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3rd October 1918, Page 11
3rd October 1918
Page 11
Page 11, 3rd October 1918 — RELATIVELY USELESS PATENTS.
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Which of the following most accurately describes the problem?

By ' The Inspector."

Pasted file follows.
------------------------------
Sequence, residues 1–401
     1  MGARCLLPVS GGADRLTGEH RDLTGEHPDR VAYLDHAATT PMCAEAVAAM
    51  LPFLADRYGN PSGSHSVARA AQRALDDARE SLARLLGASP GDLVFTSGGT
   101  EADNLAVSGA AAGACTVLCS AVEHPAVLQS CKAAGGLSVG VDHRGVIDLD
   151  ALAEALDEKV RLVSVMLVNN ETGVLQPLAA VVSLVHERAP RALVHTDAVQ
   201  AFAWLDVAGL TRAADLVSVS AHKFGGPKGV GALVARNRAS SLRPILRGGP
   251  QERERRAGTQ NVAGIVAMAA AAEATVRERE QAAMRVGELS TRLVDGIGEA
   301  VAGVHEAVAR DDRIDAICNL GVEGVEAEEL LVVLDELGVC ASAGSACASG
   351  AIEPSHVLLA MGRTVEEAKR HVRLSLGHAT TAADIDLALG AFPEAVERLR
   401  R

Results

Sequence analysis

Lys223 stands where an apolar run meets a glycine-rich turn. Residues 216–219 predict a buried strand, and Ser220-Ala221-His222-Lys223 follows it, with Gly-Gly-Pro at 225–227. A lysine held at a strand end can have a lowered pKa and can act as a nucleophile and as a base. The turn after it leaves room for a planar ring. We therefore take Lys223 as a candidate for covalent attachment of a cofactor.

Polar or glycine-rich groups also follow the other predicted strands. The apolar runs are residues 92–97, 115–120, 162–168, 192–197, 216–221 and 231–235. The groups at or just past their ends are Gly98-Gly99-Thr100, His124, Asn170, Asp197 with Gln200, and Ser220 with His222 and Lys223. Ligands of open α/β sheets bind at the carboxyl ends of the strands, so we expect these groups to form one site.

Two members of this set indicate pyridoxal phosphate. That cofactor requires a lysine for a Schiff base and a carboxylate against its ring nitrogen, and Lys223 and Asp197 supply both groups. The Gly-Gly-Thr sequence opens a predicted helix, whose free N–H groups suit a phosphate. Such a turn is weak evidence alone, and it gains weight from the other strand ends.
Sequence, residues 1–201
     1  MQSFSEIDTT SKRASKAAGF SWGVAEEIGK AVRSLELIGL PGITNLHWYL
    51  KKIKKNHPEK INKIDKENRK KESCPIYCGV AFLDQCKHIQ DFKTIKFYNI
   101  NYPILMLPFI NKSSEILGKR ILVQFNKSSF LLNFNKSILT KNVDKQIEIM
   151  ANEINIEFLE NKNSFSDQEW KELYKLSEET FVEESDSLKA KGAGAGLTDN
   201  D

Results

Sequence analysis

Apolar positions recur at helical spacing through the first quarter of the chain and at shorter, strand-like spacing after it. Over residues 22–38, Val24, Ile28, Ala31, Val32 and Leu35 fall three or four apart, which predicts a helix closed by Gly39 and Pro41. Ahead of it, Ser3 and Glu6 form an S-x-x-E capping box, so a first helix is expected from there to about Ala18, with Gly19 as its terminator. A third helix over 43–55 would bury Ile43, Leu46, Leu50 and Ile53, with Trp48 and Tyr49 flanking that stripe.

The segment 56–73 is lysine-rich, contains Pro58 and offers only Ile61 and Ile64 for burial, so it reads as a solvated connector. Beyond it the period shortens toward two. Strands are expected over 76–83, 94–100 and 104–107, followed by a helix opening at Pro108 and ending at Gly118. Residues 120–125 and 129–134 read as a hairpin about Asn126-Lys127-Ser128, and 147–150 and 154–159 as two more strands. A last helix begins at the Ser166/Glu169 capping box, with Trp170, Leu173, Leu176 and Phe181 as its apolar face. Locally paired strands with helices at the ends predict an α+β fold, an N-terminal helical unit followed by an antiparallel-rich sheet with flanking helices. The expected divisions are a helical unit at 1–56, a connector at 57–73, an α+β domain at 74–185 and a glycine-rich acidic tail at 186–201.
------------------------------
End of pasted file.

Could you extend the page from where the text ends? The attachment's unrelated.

THE JOURNALS LAST week have certainly affordedadequate publicity to what are claimed to be a number of remarkable inventions on the part of Mr. F. L. H. Rapson. These novelties have been brought into the limelight in no niggardly fashion. It will be recalled that they deal with a patent jacking arrangement, a patent steering gear, an engine darter, a vaporizer, and other accessories. Parlicularly noticeable is the embodiment in several of them of a ball-mounted worm device. The amount ,of publicity given to these specialities has, at any rate, induced sufficient interest to bring about quite a lot of discussion as to the practicability of the various schemes. I am not concerned at the moment to enter the lists in that respect, but my thoughts are inevitably turned, to the circumstance that, on the whole, patented devices are, so far, if one comes to think about it, but of relatively little moment in the anatomy of a modern , motor vehicle. It is indeed surprising to recall how few patented ideas appear to be absolute necessities to the production of a first-class motor vehicle built on up-to-date lines, particularly when one remembers what a highly specialized form of construdion a chassis is, and how it represents the embodiment of a stupendous amount of original thought and schem ing I have always been very sceptical as to the real utility of much patenting as distinct from the advantages which are supposed to be obtainable. As a prxetical designer, with a few patents of some interest., if not value, to my credit, I have always felt that the publication of final specifications acts as a tremendous spur to many another eager brain. Only the inventor knows how exceptionally difficult it is for him to persuade the chassis manufacturer to embody in his design some particular patented component other than a purely proprietary accessory providing that the manufacturer can see the .slightest chance of using something almost or equally as efficient, which is not a blatant infringeitent. There are, of course, outstanding examples where a patented device has fortunately held its own, such, for instance, as the non-skid chain of the Parsons type, a few outstanding carburetters, a solitary clutch or two, ball bearings, and so on, but the case is rare indeed where some substitute or alternative, even if it also be patented, is not available. Albion patents, for instance, are valuable enough to Albion, but I imagine secure little revenue to their inventors from other users—althougb here I am only guessing, of course.